Steer clear of baby deer!
A joint campaign is underway to inform members of the public about the need to give both pregnant or nursing deer and their young plenty of space when out enjoying the countryside.
Over the coming weeks, from mid-May to July, people may discover newly-born deer hidden in the grass or undergrowth and might mistakenly assume that they have been abandoned Please do not touch, disturb or move them as usually their mothers will not be far away.
It is quite normal for newly born deer to be left hidden in grass and other undergrowth while their mothers feed nearby, returning at intervals to feed and nurse the youngsters until they have the strength to accompany them on their daily routine.
Newly-born deer that are disturbed, moved or touched could be abandoned by their mothers – almost certainly resulting in death for the young deer.
Every year fit and healthy newborn deer are taken to rescue centres unnecessarily by people believing that they require assistance They are extremely difficult to rear successfully and unfortunately many die.
If you are concerned about the safety or wellbeing of any deer, keep your distance and contact a local wildlife rescue organisation.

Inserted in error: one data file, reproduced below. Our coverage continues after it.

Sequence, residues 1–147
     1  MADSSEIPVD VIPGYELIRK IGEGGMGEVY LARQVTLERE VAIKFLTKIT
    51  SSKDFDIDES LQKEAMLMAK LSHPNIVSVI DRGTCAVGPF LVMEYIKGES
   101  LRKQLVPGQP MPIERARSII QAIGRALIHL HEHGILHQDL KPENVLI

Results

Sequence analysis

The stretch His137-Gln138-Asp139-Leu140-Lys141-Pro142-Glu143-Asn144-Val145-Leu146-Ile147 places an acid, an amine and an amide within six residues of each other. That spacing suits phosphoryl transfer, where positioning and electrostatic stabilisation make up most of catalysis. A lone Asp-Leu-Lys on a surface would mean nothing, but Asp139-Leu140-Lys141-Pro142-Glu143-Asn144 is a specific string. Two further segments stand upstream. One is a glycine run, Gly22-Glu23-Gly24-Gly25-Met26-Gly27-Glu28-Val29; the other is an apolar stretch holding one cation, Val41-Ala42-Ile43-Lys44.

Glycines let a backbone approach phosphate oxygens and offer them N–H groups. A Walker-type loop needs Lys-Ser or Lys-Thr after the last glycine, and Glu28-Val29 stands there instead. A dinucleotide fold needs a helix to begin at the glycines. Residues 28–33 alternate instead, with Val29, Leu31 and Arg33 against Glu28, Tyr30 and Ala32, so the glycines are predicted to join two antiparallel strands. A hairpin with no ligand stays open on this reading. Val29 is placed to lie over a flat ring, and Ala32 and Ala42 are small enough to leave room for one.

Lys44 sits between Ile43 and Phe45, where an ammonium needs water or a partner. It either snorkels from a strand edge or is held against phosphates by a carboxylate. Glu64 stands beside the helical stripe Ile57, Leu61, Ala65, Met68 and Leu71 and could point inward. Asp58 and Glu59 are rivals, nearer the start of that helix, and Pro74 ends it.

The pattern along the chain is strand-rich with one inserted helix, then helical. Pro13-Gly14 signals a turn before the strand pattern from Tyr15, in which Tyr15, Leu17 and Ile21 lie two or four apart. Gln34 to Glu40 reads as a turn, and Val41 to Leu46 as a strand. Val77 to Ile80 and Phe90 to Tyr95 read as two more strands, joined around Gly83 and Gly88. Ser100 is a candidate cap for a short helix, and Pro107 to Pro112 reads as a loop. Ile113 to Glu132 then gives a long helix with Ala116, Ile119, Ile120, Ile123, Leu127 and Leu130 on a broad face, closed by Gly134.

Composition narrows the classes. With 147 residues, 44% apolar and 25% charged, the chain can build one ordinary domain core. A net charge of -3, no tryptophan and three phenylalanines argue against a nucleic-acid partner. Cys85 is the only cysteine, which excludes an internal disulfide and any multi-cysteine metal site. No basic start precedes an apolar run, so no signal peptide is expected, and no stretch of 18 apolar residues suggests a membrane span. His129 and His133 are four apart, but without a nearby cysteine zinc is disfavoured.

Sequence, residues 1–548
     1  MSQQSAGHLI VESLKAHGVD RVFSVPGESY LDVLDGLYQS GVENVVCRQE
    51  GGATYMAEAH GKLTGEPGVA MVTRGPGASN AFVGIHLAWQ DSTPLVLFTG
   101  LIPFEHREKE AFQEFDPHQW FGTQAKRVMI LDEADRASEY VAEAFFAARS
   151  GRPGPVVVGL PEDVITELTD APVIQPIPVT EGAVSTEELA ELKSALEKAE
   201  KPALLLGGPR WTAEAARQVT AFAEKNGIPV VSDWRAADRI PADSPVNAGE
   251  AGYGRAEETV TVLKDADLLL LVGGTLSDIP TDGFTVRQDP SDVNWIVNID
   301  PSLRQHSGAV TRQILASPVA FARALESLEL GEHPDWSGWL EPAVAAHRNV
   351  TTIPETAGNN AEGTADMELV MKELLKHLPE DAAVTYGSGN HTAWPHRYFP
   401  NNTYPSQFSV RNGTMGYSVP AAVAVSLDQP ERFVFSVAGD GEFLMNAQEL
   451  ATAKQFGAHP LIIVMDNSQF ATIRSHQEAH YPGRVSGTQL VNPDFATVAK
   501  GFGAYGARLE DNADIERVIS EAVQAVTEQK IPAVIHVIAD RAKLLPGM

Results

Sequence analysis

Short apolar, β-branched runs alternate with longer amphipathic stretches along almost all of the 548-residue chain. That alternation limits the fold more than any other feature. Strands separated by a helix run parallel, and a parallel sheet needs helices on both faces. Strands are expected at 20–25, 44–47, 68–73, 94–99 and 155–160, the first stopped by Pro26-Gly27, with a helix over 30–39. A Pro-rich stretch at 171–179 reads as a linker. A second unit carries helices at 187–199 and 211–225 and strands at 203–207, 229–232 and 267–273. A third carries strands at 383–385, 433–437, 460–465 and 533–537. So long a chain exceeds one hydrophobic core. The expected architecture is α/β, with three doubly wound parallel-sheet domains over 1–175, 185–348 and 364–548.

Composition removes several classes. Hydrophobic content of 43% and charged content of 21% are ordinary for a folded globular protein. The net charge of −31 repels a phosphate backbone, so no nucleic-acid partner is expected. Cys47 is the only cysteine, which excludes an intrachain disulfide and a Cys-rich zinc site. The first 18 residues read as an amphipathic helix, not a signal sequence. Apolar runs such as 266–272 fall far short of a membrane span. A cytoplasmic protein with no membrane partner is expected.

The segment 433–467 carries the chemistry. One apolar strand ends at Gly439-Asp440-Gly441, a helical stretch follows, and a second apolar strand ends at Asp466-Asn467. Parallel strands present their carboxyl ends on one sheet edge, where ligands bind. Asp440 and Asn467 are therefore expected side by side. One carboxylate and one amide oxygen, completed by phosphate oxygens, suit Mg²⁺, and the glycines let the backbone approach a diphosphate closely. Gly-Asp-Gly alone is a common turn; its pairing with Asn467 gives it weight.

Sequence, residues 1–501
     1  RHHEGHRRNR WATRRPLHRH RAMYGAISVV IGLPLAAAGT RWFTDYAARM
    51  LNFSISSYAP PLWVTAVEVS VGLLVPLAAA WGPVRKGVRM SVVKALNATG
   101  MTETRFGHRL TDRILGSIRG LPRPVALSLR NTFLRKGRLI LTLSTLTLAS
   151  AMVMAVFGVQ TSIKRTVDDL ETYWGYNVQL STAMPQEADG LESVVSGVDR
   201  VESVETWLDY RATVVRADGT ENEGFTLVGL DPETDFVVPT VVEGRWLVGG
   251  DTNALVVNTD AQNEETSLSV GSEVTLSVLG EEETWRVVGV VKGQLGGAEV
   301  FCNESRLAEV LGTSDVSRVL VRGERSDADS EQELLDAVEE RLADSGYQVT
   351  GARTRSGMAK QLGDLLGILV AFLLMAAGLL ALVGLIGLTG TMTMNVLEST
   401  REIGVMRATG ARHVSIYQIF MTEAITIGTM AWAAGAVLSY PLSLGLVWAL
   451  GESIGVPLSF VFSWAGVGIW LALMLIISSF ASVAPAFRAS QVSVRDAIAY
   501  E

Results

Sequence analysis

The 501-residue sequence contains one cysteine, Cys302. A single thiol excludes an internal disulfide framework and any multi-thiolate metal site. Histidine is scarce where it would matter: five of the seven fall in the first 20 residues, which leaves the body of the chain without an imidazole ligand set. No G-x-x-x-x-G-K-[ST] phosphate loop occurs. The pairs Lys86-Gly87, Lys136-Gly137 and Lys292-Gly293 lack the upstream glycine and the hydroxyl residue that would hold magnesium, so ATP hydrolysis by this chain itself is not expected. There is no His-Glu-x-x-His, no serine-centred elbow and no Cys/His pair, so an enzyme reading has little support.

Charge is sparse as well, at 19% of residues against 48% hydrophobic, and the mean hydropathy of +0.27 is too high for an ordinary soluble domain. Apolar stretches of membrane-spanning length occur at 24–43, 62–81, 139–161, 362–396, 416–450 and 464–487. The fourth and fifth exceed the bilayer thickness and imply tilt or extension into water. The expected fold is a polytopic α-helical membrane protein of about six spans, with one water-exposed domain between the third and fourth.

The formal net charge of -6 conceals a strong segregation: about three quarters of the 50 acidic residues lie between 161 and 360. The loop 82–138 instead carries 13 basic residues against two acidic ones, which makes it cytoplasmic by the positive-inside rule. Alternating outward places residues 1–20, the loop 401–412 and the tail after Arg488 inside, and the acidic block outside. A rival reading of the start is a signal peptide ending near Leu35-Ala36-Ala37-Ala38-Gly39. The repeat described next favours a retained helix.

The British Association for Shooting and Conservation (BASC) and the British Deer Society have joined forces to raise awareness of this important issue.
James Sutcliffe, BASC’s deer officer, said: “It is of course exciting finding young deer when out exploring the countryside but touching or moving them can prove fatal.
“If they are left unable to fend for themselves due to human interference, this almost certainly result in a long and lingering death.
“If you stumble across a newborn deer hidden away please respect its space and leave it be.”
David MacAuley, Chief Executive Officer of the British Deer Society, adds: “Deer are excellent mothers and by far the best suited to rear their own young.
“Give them space and, no matter how charming a newly born deer may appear, please resist the temptation to stroke or disturb it.
“Deer are wild animals that are naturally terrified by the scent or close proximity of humans and dogs.”
James Sutcliffe added: “Disturbance of deer and other breeding animals by dogs is known to cause issues and avoidable stress. Dogs should be kept on leads at all times.”
When it comes to deer, BASC and the British Deer Society are reminding people to:
Photo by Charlie Newman
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